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Attributed to Giorgio Vasari
by David McTavish
| 3 | 4
1 First published in 1550, Le Vite de' più eccellenti pittort, scultori
et architettori was brought out again in a vastly expanded edition
in 1568. AlI references here are to Giorgio Vasari, Le Vite de' più
eccellenti pittori, ed. by G. Milanesi (9 vols; Florence: 1878-1885).
(Hereafter cited as Le Vite.)
2 Following the pioneering article by Otto Kurz, "Giorgio Vasari's 'Libro de'
Disegni,' " Old Master Drawings, XII (1937), pp. 1-15,
32-44, Vasari's collection of drawings has now been exhaustively studied
by Licia Ragghianti Collobi, Il Libro de' Disegni del Vasari (2 vols; Florence:
3 See Catherine Monbeig-Goguel, hlventaire Général
des dessins italiens, I, Vasari et son temps (Paris: Louvre, 1972),
pp. 147 If.
4 No. 9841. A. E. Popham and K. M. Fenwick, European Drawings in the
Collection of the National Gallery of Canada (Toronto: University of
Toronto Press, 1965), p. 18, cat. no. 24. A third drawing attributed to Vasari, a well-known study for the Sala di Cosimo I in the Palazzo Vecchio, Florence, also belongs to the National Gallery
(ibid., cat. no. 23, repr.).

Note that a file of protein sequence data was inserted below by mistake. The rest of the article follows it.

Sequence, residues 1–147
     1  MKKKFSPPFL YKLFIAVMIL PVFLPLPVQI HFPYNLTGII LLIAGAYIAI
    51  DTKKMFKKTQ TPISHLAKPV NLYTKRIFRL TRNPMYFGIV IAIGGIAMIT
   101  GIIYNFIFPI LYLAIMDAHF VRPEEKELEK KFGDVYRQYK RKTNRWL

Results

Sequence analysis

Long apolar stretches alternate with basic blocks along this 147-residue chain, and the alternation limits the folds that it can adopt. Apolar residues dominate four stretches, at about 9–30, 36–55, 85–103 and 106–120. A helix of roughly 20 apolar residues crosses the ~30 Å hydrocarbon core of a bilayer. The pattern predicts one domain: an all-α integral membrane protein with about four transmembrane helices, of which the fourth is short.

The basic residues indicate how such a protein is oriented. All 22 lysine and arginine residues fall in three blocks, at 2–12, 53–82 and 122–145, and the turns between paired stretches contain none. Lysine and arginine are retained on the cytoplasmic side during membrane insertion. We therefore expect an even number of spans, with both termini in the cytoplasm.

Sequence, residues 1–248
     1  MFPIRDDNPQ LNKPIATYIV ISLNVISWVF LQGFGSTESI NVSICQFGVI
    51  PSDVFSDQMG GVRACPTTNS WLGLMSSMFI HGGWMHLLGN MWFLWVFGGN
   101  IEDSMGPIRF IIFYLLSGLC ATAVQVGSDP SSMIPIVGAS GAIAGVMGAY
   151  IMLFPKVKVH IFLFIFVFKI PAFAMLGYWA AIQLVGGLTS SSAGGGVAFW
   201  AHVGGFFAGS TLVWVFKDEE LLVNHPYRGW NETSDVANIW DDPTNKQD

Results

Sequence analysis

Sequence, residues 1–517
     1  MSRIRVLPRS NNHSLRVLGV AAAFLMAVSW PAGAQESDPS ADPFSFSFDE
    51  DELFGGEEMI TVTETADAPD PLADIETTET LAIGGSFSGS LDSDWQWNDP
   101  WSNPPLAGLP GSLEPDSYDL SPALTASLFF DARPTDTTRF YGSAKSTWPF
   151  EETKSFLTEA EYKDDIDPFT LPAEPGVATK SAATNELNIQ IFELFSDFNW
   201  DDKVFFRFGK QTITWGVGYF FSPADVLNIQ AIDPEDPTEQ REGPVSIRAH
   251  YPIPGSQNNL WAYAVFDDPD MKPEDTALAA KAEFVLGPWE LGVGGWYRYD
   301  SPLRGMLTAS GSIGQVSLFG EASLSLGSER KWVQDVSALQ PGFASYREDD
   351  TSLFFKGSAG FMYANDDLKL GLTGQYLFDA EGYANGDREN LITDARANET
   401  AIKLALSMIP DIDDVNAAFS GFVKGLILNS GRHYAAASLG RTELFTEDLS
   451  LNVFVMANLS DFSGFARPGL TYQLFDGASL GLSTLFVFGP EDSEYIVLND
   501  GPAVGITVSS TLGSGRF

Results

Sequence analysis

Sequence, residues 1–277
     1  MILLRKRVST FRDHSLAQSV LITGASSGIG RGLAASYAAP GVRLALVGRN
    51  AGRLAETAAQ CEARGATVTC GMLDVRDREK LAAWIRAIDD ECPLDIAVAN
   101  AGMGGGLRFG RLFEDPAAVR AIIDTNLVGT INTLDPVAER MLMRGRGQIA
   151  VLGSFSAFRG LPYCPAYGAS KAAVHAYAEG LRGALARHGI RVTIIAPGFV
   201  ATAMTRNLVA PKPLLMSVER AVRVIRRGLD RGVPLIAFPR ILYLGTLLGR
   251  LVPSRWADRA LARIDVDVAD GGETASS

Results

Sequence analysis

5 Ibid., cat. no. 24.
6 No. 08.227.10. Attributed to Federico Zuccaro. The unconvincing
attribution to Federico Zuccaro has already been rejected by James Byam
Shaw, Drawings by Old Masters at Christ Church, Oxford (Oxford:
Clarendon Press, 1976), no.163.
7 Collection Dott. Ing. Giacomo Bargellesi, Milan. On the verso of
the drawing there is a sketch of a horse.
8 Acts 12:6ff. St Peter is said to have been sleeping between two
soldiers; yet only one appears in the drawings under discussion (with
the exception of the Milan drawing), and even he is located outside St
Peter's prison cell.
9 Inv. 0147. Byam Shaw has classified the drawing as "after Vasari," (op. cit.,
no.163). The most notable
difference between the drawing
at Christ Church and the one in New York involves the figure of St Peter. In the Christ Church drawing St Peter rests his head on his hand, whereas
in the New York drawing both his hands appear to be held in his lap.
And as is the case with the drawing in Ottawa, the drawing at Christ Church
Shows a more intimate relationship between St Peter and the angel than
does the New York sheet.
10 Byam Shaw, loc. cit., no. 163.
11 Details that specifically suggest the drawings are copies
include the summary treatment of the angel's wing at the extreme right
of the Christ Church drawing, and the fact that in the Ottawa drawing the
angel's left wing does not extend below the head at all.
12 For Vasari's autobiography see Le Vite, vol. VII,
pp. 649-724; for his record book, his ricordanze, see Karl Frey,
Der literarische Nachlass Giorgio Vasari (Munich, 1930), vol. II,
pp. 847-882, or Il Libro delle Ricordanze di Giorgio Vasari, ed.
by Alessandro del Vita (Rome, 1938). There is one exception: in an addendum
to Vasari's ricordanze, made by his nephew Marcantonio di Ser Pietro